What does it take to be a narrator of audio erotica, and how can you become one?
In this final part of our Audio Erotica series, we’ve drawn on interviews with professional narrators, and sought advice from narrator forums and social sites, to bring you a first-hand guide to audio narration. We’ve included the best tips, tricks, and advice on how you can make money by becoming an audio porn narrator.
We’re looking at the world of audio erotica in particular, but much of what erotica narrators do is exactly the same as what narrators of other genres do — except with more sexy parts included.
Now’s the time to cash in on their growing trend, so let’s see how you can get started.
- What Does It Take To Be a Narrator of Audio Erotica?
- How To Become an Audio Erotica Narrator
- Building Your Network To Find Narrator Jobs
What Does It Take To Be a Narrator of Audio Erotica?
We begin with a pretty obvious statement: Narrators of audio stories play a crucial role in bringing written content to life through the spoken word.
That’s what they do, right? They sit at a microphone and read a book. Easy?
No. The primary responsibilities of a narrator include:
- Reading aloud; a skill that calls for:
- Conveying the emotion of a story
- Maintaining the pace and rhythm
- Speaking dialogue
- Understanding the technicalities of the craft
Let’s take a look at each of these exploit requirements.
Comfort Reading the Text Aloud
The fundamental task of an audio story narrator is to read the written content aloud. This involves conveying the plot, characters, and dialogue through spoken words in a clear and engaging manner.
Sounds easy, but an hour of end product can take two hours to record, so, as audio narrator LonlaLady says: “I usually do an hour and then take a break. Unless the book is really challenging, then I’ll be taking breaks every 30 minutes.“
Comfort and Open-Mindedness is Key
Narrating audio erotica involves explicit and intimate content. You should be comfortable with, and open-minded about, the themes and language used in erotic material. Remember that there is more to erotica than your own interests, and you might be hired to narrate erotica from many niches; straight, gay, bi, trans, hard erotica and softcore, and all the (many) varieties of fetish.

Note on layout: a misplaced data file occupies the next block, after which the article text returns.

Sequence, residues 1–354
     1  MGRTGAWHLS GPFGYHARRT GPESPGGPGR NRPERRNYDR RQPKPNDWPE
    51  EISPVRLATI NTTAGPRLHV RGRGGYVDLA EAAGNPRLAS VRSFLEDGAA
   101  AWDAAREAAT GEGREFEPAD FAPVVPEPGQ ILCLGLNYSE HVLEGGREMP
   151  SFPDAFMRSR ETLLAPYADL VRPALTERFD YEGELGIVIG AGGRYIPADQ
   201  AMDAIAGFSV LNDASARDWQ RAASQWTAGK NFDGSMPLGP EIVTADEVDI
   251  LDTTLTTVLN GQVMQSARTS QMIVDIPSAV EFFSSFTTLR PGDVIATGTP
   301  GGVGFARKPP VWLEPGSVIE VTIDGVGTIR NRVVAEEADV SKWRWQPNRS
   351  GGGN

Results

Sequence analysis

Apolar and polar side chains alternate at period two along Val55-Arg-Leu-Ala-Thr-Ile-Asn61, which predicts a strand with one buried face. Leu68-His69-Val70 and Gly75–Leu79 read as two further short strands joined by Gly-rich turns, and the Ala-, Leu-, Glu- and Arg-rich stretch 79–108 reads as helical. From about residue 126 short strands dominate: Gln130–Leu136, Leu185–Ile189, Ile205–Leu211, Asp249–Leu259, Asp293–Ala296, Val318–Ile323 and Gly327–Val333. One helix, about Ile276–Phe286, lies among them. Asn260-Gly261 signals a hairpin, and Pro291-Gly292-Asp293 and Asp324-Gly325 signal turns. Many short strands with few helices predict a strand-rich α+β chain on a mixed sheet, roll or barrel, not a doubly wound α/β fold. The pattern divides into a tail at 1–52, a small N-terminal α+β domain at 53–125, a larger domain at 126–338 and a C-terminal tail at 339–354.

Tip: Specialisation can limit your workload. Think wider than one niche, and you will increase your earning potential.
Pronunciation and Clarity
Listeners want to hear a clear voice with no ambiguity. The quality of the voice should be like the musical soundtrack of a film. Overdo it, and the music gets in the way; take the music away, and there’s something clearly missing.
Maintaining clarity is essential for effective communication, and narrators should articulate every word clearly so that listeners can easily understand the story.
Here’s advice directly from Lonlalady’s AMA:
If your mouth is dry and you’re “clicking” on the mic a lot, eat a green apple. The tartness sorts out any mouth noise and a lot of voice over studios will have bowls of them in reception.
There are several notable organisations offering diction advice, among them the Oxford Language Club. The OLC has a top-ten list of tips for speaking clearly which they provide to their English language students:
- Take a deep breath before you begin
- Speak more slowly
- Practice grammar (what you read may not always be in your dialect)
- Expand your vocabulary (so words don’t take you by surprise)
- Think before you speak
- Practise tongue twisters
- Repeat difficult phrases (to practice them)
- Be confident
Most of us spend very little time pondering how we speak. But for an audio narrator, it’s an essential part of the craft. You won’t get regular gigs unless you excel in this department.
Like the music behind a film, your delivery needs to be easy on the ear, and yet totally appropriate for the material. Delivery needs to be dynamic, expressive, and match the rhythm of the words. It should also be varied enough to maintain the listener’s interest, but not so varied that it sounds confusing.
Tip: No-one much likes the sound of their own voice, but listen to yourself, and play your practice recordings to others. Ask for honest feedback on the delivery. Do you have any verbal tics are jarring? Work on these.
Voice Characterization and Managing Dialogue